Over the past 35 years, hundreds of thousands of readers have agreed: This is the classic guide to "living, traveling, and taking things as they come" in Mexico. Now in its updated 14th edition, The People's Guide to Mexico still offers the ideal combination of basic travel information, entertaining stories, and friendly guidance about everything from driving in Mexico City to hanging a hammock to bartering at the local mercado . Features include:Advice on planning your trip, where to go, and how to get around once you're therePractical tips to help you stay healthy and safe, deal with red tape, change money, send email, letters and packages, use the telephone, do laundry, order food, speak like a local, and moreWell-informed insight into Mexican culture, and hints for enjoying traditional fiestas and celebrationsThe most complete information available on Mexican Internet resources, book and map reviews, and other info sources for travellers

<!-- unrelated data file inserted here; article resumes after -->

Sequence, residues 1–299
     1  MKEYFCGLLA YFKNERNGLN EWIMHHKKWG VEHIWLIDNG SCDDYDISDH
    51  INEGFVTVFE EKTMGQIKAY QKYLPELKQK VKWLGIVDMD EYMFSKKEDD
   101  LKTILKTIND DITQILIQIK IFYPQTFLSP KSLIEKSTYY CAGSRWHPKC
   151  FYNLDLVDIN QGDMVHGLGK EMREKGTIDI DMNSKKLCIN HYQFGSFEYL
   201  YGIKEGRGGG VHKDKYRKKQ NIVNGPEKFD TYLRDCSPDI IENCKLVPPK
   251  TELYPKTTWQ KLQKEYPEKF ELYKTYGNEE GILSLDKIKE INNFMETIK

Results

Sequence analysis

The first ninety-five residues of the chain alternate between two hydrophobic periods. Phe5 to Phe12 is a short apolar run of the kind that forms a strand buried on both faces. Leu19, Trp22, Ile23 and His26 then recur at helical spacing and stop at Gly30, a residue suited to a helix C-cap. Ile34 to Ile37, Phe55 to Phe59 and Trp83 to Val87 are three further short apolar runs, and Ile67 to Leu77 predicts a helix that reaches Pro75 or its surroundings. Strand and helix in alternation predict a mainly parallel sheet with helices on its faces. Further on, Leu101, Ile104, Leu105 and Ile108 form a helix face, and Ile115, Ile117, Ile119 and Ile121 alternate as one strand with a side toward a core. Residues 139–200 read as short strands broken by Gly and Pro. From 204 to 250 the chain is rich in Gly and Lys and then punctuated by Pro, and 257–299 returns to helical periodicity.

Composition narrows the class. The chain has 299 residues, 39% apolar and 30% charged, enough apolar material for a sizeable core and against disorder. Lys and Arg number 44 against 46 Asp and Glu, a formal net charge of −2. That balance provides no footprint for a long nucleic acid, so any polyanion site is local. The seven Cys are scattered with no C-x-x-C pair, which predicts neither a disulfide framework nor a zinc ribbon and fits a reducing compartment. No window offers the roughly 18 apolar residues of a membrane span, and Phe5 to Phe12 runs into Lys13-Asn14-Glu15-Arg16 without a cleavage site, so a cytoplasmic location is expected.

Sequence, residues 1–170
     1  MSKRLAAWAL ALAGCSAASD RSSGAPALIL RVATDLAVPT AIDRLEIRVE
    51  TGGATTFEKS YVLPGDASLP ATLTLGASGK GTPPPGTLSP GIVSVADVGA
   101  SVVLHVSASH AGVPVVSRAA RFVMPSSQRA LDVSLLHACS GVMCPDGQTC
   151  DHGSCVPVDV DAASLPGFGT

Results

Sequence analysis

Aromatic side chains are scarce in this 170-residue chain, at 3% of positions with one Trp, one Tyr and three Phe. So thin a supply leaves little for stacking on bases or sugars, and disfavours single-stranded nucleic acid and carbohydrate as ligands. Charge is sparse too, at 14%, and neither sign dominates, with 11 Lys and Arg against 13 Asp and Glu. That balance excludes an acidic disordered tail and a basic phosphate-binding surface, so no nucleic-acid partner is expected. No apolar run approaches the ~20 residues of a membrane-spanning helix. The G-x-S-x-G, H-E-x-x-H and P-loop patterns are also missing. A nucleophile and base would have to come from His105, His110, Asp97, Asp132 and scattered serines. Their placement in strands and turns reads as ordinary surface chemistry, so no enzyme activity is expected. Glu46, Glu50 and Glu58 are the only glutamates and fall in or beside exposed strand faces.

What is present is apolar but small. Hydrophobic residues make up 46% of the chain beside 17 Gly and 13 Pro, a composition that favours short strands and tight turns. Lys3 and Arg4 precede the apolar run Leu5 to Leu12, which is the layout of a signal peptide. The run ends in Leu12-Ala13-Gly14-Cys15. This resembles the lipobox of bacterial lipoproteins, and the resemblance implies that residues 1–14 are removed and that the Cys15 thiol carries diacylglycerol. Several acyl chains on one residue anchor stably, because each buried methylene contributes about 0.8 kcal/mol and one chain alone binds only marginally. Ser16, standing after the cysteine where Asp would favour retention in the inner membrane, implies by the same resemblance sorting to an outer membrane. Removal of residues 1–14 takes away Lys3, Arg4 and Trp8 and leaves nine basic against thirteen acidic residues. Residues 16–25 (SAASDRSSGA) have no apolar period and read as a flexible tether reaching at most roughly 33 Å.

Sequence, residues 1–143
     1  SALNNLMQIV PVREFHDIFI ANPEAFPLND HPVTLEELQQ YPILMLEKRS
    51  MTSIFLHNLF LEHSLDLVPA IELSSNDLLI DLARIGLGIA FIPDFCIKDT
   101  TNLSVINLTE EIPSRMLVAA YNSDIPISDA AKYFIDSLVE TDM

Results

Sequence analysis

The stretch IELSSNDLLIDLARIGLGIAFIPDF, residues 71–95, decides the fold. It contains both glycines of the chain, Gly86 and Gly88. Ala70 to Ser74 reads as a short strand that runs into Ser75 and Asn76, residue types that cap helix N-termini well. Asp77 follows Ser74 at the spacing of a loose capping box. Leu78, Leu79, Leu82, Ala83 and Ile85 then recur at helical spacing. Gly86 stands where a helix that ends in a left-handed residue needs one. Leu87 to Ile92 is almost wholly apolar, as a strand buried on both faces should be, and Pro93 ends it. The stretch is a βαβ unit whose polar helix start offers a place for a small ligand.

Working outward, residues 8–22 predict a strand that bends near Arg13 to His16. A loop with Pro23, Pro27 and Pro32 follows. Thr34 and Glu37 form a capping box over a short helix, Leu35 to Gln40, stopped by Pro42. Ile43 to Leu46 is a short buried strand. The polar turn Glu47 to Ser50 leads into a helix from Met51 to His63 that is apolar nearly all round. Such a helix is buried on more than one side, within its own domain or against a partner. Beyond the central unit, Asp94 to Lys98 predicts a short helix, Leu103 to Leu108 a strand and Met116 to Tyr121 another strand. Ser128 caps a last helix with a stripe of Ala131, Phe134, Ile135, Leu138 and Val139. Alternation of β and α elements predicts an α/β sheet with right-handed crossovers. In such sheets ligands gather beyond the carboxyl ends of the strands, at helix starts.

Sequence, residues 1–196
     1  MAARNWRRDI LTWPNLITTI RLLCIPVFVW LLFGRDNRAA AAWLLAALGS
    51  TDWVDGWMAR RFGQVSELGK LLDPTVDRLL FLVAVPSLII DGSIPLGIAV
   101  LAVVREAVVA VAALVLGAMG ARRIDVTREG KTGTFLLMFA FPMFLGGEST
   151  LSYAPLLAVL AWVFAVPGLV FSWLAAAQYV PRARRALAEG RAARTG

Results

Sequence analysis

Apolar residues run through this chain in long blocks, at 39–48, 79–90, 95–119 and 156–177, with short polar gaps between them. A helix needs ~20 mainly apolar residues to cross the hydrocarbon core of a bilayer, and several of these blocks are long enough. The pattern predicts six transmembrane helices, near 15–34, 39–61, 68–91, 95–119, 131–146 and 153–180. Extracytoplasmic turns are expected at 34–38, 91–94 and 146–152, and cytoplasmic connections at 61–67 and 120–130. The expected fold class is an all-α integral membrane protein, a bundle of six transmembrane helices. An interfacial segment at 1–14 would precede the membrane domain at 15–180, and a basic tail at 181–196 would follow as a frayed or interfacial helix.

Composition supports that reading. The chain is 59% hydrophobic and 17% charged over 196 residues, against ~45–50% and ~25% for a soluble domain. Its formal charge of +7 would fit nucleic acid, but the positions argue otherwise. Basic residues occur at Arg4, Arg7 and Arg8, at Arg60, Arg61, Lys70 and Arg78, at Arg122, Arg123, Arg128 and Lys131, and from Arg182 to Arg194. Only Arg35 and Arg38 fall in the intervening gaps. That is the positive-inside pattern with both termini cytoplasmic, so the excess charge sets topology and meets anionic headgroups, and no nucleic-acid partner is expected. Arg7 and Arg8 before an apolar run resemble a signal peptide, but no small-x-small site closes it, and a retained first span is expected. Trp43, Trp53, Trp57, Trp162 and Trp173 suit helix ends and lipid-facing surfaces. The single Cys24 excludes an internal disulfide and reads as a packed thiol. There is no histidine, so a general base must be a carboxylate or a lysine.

The Practical Nomad

By Edward Hasbrouck
Authors:
Edward Hasbrouck
The Practical Nomad provides a global perspective that's necessary whether you're a first-time trekker or an experienced explorer. Now more than ever it is important to understand other cultures, and Edward Hasbrouck's guide makes the ever-changing world more accessible. The fully updated fifth edition of The Practical Nomad: How to Travel Around the World includes:Information on new airport security procedures, travel documents, entry requirements, and border crossings Tips on airline tickets and how to find the best deals without getting ripped off Advice on choosing destinations, routes, and traveling companionsHow to get the time and money for extended travel